After last night’s video review of Fringe‘s episode “Northwest Passage,” I’ve let the episode stew in my brain a bit. I have to say, not much new about the episode has popped up to me. I still feel the same way about Peter’s dynamic with the sheriff, who was absolutely the best one-off guest star the series has had thus far. Martha Plimpton really nailed it. Christine Chatelain, who played the ill-fated waitress Krista, was equally endearing, though her death seemed an inevitability after the first minute of the episode.
The disjointed nature of the episode still gets to me, though. Don’t get me wrong, Peter’s solo case was a great move for the show to keep the procedural element present but fresh, but it would have helped if the procedural actually made sense. Instead, we got absolutely no connection between Newton and the guy who claimed to be the killer at the end of the episode. Why did he claim to be the killer, or if he was, why were the killings so specific to what Newton did? We know the guy wasn’t a shapeshifter, since he correctly answered the question that Sheriff Mathis asked, and that makes it make even less sense.
However, the rest of the episode was really good. Peter’s flight from Walter wasn’t really as angst-ridden as I expected – instead, it seemed like Peter was just taking a sabbatical to clear his head, perhaps to lose the identity he once gained. He wasn’t exactly running away from Walter, he was running away from the entire life he had known was a lie. The fact that Peter’s character seems to hold no maliciousness toward Walter seems to bode well for the character, except for the fact that Walternate has returned to collect his son.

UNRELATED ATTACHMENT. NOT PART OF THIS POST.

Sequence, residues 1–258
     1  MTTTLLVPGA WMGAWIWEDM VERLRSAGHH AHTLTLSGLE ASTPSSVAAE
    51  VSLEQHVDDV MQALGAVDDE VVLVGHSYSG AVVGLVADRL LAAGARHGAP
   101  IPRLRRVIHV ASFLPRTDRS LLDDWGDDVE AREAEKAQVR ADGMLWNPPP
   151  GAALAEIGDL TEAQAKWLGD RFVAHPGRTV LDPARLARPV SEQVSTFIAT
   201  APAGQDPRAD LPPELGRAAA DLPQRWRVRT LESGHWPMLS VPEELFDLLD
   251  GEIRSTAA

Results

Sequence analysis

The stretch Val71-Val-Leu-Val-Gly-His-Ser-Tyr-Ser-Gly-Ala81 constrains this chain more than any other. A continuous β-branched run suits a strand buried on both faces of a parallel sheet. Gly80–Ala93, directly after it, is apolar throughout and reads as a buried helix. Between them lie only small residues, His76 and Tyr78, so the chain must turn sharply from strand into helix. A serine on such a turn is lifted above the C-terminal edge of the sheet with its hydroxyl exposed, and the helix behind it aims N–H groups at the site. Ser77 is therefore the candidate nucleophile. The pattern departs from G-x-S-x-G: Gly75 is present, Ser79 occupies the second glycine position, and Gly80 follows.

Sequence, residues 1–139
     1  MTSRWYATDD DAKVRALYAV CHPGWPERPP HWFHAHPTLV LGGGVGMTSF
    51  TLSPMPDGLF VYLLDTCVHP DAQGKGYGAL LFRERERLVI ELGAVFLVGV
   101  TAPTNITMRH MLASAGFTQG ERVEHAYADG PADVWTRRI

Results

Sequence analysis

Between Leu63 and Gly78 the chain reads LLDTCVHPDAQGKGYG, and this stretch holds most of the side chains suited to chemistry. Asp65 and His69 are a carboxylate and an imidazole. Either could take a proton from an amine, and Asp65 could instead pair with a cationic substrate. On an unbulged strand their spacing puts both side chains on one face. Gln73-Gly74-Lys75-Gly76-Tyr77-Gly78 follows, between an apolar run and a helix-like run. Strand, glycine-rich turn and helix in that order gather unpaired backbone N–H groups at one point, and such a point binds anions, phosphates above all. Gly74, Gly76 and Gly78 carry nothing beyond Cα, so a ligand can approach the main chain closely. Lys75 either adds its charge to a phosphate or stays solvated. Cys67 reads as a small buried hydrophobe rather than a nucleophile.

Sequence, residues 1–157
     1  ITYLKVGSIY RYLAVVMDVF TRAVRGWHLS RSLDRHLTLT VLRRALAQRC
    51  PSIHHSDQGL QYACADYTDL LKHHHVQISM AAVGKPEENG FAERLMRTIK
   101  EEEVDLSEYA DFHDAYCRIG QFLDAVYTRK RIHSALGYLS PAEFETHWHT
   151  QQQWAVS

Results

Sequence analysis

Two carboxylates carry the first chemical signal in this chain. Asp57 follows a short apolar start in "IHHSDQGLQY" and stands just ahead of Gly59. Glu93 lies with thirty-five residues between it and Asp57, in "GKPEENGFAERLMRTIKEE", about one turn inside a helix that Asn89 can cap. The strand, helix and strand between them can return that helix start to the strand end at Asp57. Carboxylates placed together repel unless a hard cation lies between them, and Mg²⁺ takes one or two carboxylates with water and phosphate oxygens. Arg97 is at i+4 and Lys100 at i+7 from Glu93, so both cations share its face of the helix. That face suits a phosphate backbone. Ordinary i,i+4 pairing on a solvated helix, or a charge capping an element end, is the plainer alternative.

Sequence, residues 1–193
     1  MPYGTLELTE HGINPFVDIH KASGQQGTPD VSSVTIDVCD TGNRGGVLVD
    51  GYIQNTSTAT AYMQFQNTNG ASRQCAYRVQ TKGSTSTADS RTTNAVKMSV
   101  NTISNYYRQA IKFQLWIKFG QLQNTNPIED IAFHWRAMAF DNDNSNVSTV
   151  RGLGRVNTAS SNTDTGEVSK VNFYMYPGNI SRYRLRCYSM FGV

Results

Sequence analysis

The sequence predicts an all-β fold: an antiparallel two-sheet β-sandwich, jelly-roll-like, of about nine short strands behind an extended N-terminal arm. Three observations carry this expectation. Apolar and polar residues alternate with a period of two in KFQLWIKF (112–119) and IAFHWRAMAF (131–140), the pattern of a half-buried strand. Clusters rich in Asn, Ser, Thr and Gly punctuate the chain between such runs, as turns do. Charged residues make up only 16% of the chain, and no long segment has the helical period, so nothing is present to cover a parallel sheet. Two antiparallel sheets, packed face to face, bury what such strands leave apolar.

Walternate is obviously not insane, as he holds some unknown position of power (thus the Mister Secretary moniker). But as we saw when Walter was reconnected with his old brain in “Grey Matters,” non-lobotomized Walter was sort of a jerk. Assuming that Walternate has not been lobotomized (and that’s certainly how it seems), then will Peter start noticing how much better Walter is than Walternate? Could he leave his real father’s side and return to the side of his foster father? It seems an inevitability, but the factors playing into it make it seem a certainty that it’ll be Peter’s own choice to leave.
Finally, I have to say that the final scene was incredibly well done. Peter’s headphones from the late Krista’s mixtape drowned out the scene in a blissful rendition of “Are There Ghosts?” by Band of Horses. Of course, if you were listening to the lyrics, you’d see how they mirrored the scene around Peter — he begins to sleep, and then wakes up to find the “ghost” in his room — Newton. Newton certainly did possess some ghostlike qualities in the episode, most notably his ability to appear and disappear without a trace. Is that just part of the supersoldier mechanism, or was Peter actually hallucinating seeing Newton? There’s plenty of interpretation left to this episode, though nothing I can think of quite makes it all fit together. So while I gave the episode an A- on the video review, I’ve decided to demote the episode down to a B-. Though it definitely tries to work, it only partially succeeds, and doesn’t quite stick together as well as episodes like “White Tulip” did.
I’ll see you guys again next week (or rather, you’ll see me again) for my review of the first part of the season finale, “Over There, Part 1.”